About this Research Topic
Since the beginning of the XXI Century, our society has witnessed a number of catastrophic earthquakes with devastating consequences (e.g., Sumatra 2004, Haiti 2010, Japan 2010, Nepal 2015, Italy 2009 and 2016). Localizing the active faults and understanding their earthquake history is key to improve modern probabilistic seismic hazard assessment (PSHA) and, thus, to be able to mitigate the consequences of future events. Seismicity models have been traditionally based on archaeological, historical and instrumental seismicity records. However, in the last decades the rapid advance of active tectonics and paleoseismological studies has significantly improved those models, since they allow characterizing the active faults, reconstructing their 3D geometry at depth, and determining their past earthquakes and seismic potential based on the interpretation of the geological record.
Although most active tectonics and paleoseismological research had been mainly conducted to study onshore active faults, the occurrence of the offshore Sumatra (2004) and Japan (2010) earthquakes and consequent tsunamis, which caused tens of thousands of casualties and extensive and severe damage, have brought into sharp focus the need to understand better the geohazards related to submarine active faults.
In the last few years, the availability of offshore geological and geophysical data at various scales (deep and shallow borehole, wide angle seismic profiles, tomography, 3D and 2D seismic reflection surveys, high resolution bathymetry and profiling) allow for a better definition of offshore fault systems both at the seafloor and at seismogenic depth. In addition, paleoseismological concepts have been increasingly exported to underwater areas taking advantage of: 1) expression and preservation of fault morphology and segmentation due to usually low erosional rates; 2) local and/or regional stratigraphic and chronostratigraphic correlations due to generally continuous sedimentation in time and space; 3) multiscale seafloor mapping and sub-seafloor seismic imaging; and 4) the almost lack of human modification in underwater regions.
Generally, submarine paleoearthquake studies have focused on off-fault turbidite paleoseismology, which is based on the identification and dating of earthquake-triggered landslides and turbidite deposits to obtain the recurrence of large magnitude (Mw > 6) earthquakes. However, the use of leading-edge high-resolution geophysical systems (i.e., seismic reflection, swath-bathymetry and underwater vehicles) is making it possible to acquire offshore data on active fault systems with unprecedented detail and resolution (i.e., cm-microbathymetry, mm-scale imaging, or sub-metric seismic imaging). With these different levels of resolution, it is possible to constrain accurately the kinematic, architecture and linkage of submarine active faults and, in some cases, identify recent earthquake ruptures or recognize and date individual events on specific faults. This information can then be used to derive their upper Quaternary or Holocene earthquake history of the faults and to estimate the slip per event and short-term slip-rate.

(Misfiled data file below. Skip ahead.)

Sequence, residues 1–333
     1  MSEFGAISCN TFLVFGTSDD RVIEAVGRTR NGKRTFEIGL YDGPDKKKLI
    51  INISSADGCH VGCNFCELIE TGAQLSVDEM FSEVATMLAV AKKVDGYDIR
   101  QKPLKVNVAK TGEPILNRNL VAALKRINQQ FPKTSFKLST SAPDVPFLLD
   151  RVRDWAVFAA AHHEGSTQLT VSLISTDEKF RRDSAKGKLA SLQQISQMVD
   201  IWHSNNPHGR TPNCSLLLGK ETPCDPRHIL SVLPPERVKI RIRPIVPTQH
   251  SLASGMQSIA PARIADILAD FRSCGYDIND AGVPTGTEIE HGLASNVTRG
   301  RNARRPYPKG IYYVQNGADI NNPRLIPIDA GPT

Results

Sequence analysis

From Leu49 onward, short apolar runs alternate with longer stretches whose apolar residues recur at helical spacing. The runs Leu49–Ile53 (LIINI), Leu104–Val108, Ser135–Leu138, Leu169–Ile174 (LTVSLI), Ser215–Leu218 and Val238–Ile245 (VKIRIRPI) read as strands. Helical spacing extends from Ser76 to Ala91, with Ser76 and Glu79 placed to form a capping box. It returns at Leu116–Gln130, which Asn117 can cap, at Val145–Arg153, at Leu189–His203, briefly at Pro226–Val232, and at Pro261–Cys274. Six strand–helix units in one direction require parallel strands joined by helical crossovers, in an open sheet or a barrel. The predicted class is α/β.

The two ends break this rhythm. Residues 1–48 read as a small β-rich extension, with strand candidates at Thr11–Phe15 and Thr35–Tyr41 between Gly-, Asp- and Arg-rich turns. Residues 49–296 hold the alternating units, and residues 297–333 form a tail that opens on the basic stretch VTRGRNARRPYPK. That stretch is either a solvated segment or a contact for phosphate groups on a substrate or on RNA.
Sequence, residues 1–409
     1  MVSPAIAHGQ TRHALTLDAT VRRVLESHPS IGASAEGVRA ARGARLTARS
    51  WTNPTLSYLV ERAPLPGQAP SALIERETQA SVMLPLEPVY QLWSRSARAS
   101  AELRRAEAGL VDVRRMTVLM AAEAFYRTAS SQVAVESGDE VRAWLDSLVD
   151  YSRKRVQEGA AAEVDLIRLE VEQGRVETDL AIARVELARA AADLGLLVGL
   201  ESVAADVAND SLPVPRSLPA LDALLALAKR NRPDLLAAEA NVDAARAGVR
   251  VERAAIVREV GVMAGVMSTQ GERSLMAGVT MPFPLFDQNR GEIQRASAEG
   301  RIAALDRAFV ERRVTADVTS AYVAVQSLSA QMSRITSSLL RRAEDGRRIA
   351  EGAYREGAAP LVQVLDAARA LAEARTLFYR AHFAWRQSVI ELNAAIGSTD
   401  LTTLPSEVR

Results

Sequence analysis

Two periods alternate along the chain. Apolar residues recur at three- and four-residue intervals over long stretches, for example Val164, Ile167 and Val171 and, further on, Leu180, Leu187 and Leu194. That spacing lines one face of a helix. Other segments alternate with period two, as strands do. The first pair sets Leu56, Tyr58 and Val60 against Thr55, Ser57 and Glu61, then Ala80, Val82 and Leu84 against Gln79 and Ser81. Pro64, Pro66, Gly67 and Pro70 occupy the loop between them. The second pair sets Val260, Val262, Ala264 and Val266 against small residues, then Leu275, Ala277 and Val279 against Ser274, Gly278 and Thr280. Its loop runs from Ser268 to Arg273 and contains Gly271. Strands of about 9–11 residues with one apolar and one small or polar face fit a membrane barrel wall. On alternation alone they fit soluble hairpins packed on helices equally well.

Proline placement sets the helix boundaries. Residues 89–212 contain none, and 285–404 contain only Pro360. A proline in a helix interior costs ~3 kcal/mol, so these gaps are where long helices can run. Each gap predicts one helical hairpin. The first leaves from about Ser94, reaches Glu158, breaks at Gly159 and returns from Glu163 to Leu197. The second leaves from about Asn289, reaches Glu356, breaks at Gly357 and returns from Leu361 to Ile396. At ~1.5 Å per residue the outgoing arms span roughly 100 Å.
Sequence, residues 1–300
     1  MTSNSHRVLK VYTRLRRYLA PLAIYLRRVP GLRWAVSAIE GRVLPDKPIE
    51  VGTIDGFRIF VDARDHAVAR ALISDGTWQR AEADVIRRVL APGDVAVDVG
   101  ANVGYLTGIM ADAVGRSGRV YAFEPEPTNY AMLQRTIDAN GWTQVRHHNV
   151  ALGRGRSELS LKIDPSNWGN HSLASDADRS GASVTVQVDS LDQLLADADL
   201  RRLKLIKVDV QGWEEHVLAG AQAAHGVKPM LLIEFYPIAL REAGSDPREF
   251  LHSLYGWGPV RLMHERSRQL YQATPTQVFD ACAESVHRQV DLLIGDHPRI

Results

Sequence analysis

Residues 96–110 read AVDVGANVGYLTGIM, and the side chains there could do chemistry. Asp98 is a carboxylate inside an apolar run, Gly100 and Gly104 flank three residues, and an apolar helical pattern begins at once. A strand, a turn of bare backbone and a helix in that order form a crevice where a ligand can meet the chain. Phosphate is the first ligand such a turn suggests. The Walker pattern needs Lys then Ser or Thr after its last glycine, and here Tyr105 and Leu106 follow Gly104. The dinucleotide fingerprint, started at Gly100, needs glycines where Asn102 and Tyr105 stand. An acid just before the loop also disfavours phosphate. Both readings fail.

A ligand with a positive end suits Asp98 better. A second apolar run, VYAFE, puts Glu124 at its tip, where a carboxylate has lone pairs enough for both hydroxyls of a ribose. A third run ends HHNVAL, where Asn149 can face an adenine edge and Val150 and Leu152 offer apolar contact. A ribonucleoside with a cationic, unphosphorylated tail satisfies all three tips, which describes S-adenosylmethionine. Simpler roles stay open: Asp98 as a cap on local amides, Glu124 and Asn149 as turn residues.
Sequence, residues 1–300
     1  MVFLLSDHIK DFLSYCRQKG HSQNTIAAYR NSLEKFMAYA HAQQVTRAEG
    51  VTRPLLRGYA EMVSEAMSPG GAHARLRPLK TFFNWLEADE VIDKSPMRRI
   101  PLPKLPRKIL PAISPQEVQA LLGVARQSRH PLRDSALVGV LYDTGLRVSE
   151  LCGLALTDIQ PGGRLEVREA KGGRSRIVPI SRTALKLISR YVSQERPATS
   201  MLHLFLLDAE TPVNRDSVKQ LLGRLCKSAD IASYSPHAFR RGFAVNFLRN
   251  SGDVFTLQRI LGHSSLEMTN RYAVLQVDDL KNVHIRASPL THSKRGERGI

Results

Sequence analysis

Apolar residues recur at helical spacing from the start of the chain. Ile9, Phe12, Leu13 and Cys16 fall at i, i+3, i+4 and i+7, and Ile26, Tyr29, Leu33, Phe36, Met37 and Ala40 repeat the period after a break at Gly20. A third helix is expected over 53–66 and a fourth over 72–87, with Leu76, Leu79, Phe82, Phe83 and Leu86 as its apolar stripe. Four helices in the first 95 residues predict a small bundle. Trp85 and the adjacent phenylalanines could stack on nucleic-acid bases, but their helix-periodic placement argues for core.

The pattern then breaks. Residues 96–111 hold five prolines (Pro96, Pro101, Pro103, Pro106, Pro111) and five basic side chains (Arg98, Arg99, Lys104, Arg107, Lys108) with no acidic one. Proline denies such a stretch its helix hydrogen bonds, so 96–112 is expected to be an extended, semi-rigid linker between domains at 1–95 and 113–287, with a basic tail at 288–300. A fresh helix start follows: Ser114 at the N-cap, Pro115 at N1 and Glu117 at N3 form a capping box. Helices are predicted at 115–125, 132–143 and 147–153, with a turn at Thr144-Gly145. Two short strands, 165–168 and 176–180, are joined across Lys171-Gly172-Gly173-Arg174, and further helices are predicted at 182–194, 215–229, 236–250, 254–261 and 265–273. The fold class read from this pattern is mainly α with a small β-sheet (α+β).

This Research Topic aims to gather present studies and/or new perspectives and ideas in marine active tectonics, turbidite paleoseismology, on-fault paleoseismology or tectonic geomorphology, and seismotectonics, from local to regional scale analysis. We welcome original research papers focused on identifying and characterizing the seismic cycle of active faults using multidisciplinary approaches and/or innovative methodologies. We also encourage the submission of studies that explore the application of new ideas to estimate coseismic seafloor deformation, to constrain earthquake timing, as well as the application of fault geometrical and kinematic reconstruction to seismic and tsunami hazard analysis. The main goal of this collection is to influence the future advance in marine active tectonics and paleoseismology in order to improve our understanding about the seismic and tsunami hazard related to submarine faults.
This Research Topic has been realized in collaboration with Dr. Laura Gómez de la Peña, at the GEOMAR - Helmholtz Centre for Ocean Research Kiel, Germany.
Keywords: Active faulting, seismic cycle, earthquake geology, seismic hazard, marine geosciences, active seismic methods, offshore paleoseismology methods
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